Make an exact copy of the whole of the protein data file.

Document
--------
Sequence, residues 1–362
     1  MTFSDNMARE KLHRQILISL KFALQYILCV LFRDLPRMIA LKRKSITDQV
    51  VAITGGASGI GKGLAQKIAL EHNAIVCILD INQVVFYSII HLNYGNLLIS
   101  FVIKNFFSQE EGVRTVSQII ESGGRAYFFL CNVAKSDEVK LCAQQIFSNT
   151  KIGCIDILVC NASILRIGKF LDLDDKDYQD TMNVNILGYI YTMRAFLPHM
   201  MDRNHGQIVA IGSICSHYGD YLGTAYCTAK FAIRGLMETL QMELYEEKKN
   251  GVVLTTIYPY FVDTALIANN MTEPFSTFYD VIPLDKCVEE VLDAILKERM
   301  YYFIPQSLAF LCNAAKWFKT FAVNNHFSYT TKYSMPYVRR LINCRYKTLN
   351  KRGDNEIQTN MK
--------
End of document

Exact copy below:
Sequence, residues 1–362
     1  MTFSDNMARE KLHRQILISL KFALQYILCV LFRDLPRMIA LKRKSITDQV
    51  VAITGGASGI GKGLAQKIAL EHNAIVCILD INQVVFYSII HLNYGNLLIS
   101  FVIKNFFSQE EGVRTVSQII ESGGRAYFFL CNVAKSDEVK LCAQQIFSNT
   151  KIGCIDILVC NASILRIGKF LDLDDKDYQD TMNVNILGYI YTMRAFLPHM
   201  MDRNHGQIVA IGSICSHYGD YLGTAYCTAK FAIRGLMETL QMELYEEKKN
   251  GVVLTTIYPY FVDTALIANN MTEPFSTFYD VIPLDKCVEE VLDAILKERM
   301  YYFIPQSLAF LCNAAKWFKT FAVNNHFSYT TKYSMPYVRR LINCRYKTLN
   351  KRGDNEIQTN MK